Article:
iPad Air 5
The most recent iPad Air is as advanced in one respect as the premium iPad Pro. Namely, it uses the same M1 chipset that the iPad Pro and new MacBooks use. Some additional minor but meaningful tweaks let the fifth-generation iPad Air deliver better results in most tasks you’d use a tablet for.
With that said, it’s physically just about identical to the fourth-generation model, and that’s not necessarily a bad thing. It’s especially thin and doesn’t weigh much, so it can provide the ultimate handheld experience. It also offers some camera and connectivity improvements over the previous Air and current entry-level iPad.
iPad Air 5 pros
- High-end central and graphics processor: The Apple M1 chipset inside it delivers the best performance of any tablet yet released.
- Large, premium Liquid Retina display: It offers above-average pixel density, even for Apple devices, with the kind of clarity you’d expect from a premium device.
- Great for gaming: Its powerful processor and 8 gigabytes of RAM make a for an excellent gaming experience at up to 60 frames per second.
- Slim and lightweight: It has plenty of screen space despite being Apple’s thinnest, lightest tablet.
- Enhanced front camera: A wide-angle lens with updated zoom and high dynamic range functions allows for better photos and videos than previous versions.
- USB-C connector: If you use any modern portable electronics aside from Apple products, you’ll be happy to know that the new Air supports your other charging cables.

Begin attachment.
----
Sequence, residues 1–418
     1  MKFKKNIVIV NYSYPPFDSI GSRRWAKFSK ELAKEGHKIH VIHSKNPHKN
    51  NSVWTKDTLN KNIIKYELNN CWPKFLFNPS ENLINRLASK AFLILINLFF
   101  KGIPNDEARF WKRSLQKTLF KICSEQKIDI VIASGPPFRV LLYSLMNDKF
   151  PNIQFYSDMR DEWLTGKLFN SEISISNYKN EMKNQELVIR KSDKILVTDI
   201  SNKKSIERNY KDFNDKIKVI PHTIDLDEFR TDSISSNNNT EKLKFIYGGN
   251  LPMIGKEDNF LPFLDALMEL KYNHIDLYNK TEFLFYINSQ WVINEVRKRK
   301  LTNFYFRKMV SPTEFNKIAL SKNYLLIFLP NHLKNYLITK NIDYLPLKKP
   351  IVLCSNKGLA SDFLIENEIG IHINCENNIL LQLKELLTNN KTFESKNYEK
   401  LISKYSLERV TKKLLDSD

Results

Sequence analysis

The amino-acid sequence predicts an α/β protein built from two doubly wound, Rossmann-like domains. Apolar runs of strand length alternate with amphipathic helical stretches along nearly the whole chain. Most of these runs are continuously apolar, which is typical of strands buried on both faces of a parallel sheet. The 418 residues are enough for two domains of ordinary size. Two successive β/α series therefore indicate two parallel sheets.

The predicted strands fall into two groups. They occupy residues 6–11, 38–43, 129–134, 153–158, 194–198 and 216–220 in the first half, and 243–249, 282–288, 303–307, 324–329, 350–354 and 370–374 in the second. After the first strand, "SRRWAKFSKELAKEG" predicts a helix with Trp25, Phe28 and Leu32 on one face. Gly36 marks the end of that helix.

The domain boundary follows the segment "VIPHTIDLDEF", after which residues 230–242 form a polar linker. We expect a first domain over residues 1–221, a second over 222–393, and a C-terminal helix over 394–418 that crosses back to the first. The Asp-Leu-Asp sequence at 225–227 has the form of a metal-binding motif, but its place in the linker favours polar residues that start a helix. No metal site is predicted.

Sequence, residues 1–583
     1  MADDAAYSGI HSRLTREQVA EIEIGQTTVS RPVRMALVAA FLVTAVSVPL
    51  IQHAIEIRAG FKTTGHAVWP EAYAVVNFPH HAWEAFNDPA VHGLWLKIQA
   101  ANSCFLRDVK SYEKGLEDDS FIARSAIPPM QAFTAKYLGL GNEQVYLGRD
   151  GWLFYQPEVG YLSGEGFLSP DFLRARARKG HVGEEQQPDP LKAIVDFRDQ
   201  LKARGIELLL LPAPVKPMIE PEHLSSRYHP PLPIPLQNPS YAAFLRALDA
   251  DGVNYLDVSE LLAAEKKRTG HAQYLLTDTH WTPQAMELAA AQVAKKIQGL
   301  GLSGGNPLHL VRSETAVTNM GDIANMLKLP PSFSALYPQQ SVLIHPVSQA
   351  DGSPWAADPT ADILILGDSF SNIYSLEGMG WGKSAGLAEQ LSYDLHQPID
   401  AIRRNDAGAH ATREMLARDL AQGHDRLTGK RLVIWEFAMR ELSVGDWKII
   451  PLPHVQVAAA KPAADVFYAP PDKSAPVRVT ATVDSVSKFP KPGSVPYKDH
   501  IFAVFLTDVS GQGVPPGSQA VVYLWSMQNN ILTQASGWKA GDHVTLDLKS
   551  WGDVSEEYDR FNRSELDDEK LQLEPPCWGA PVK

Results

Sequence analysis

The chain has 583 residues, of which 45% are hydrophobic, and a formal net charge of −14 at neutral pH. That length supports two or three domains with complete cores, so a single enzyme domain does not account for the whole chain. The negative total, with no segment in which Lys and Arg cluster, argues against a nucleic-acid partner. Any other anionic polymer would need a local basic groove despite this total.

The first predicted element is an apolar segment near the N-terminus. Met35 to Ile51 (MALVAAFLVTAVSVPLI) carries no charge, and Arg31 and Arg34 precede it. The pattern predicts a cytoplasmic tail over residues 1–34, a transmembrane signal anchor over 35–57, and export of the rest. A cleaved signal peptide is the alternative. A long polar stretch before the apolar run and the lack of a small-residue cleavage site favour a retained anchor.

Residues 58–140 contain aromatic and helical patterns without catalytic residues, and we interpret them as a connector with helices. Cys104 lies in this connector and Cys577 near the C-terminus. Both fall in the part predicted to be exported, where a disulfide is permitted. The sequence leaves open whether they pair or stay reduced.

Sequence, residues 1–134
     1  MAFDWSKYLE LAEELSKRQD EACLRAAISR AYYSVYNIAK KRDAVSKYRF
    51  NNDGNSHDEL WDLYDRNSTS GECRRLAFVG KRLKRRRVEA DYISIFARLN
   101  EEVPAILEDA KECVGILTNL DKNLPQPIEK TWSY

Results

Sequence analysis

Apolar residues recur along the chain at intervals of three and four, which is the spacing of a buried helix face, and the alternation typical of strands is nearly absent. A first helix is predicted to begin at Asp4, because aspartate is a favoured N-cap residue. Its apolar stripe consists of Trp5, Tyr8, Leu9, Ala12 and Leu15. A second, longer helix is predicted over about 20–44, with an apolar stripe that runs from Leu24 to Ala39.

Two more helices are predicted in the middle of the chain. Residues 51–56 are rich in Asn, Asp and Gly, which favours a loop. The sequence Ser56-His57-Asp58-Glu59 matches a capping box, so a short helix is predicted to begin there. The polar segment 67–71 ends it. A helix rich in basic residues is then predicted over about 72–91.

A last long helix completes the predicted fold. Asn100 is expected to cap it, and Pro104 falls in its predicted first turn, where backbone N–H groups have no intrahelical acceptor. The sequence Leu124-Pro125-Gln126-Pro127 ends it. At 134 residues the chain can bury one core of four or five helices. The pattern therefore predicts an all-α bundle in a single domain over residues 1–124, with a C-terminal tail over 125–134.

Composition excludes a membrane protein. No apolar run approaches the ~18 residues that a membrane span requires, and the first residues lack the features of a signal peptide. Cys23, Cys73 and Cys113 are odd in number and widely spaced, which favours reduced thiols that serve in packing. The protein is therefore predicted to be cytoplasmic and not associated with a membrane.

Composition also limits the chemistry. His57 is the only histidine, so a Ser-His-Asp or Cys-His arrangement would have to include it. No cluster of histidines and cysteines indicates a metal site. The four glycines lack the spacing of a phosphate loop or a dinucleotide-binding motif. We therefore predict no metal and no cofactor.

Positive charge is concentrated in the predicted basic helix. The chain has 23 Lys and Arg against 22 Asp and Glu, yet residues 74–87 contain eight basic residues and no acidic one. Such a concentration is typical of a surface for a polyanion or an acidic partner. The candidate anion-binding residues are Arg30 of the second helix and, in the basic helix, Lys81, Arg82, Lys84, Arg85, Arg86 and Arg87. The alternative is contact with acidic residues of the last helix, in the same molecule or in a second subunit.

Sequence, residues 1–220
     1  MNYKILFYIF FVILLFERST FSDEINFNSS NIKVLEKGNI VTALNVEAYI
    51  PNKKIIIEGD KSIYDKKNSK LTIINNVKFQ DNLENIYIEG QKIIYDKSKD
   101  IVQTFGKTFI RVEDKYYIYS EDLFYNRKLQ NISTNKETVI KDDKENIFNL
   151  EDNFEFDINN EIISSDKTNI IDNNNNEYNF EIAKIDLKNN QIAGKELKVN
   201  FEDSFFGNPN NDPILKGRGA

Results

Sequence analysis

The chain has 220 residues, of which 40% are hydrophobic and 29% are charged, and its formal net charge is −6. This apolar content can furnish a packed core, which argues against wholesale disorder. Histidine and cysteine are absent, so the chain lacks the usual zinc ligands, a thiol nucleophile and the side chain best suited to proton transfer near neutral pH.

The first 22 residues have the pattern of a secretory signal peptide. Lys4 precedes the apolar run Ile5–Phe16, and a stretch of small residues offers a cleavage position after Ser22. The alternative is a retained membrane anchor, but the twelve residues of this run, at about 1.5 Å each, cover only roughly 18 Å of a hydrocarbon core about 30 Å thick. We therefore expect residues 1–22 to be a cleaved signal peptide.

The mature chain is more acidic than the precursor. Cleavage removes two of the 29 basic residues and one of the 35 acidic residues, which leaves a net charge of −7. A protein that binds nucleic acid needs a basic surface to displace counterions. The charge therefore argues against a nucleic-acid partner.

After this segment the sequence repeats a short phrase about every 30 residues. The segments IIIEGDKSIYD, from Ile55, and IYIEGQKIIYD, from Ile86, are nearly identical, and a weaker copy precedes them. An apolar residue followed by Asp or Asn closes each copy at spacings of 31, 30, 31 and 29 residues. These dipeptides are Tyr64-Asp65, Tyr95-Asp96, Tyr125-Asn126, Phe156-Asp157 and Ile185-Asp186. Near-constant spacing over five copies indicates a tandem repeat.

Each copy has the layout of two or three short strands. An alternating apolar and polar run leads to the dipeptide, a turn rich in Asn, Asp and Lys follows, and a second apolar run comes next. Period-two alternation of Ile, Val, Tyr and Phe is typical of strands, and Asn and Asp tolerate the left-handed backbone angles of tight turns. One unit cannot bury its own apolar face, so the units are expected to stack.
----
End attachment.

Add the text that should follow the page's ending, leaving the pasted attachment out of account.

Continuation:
- Apple Pencil 2 support: The second-generation Apple Pencil is widely regarded as the best stylus in the business, and it works with the fifth-generation iPad Air.
iPad Air 5 cons
- Relatively expensive: It’s roughly twice as costly as the base model iPad. If you don’t need the added processing power or aren’t obsessed with having the thinnest possible tablet, consider saving money by going with the more basic option.
- Limited to a 60-hertz refresh rate: While it’s great for resource-intensive games at up to 60 frames per second, it doesn’t have the premium motion handling or ultra-smooth scrolling the iPad Pro offers.
Should you get the iPad 9th generation, iPad mini 6 or iPad Air 5?
If you’re on an even remotely tight budget, the base ninth-generation iPad is a great choice that will almost certainly satisfy. It does everything well and is one of the best tablets available, despite merely being Apple’s entry-level option.
Those who insist on an especially svelte design and the best possible processing power should strongly consider the iPad Air 5. It’s not exactly cheap, but it’s nowhere near as costly as either iPad Pro, and performs nearly as well.
Finally, only people who are dead-set on having the most compact electronics possible should consider the iPad mini 6. While it’s a great device in its own right, the compact size limits its functionality overall.
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Chris Thomas writes for BestReviews. BestReviews has helped millions of consumers simplify their purchasing decisions, saving them time and money.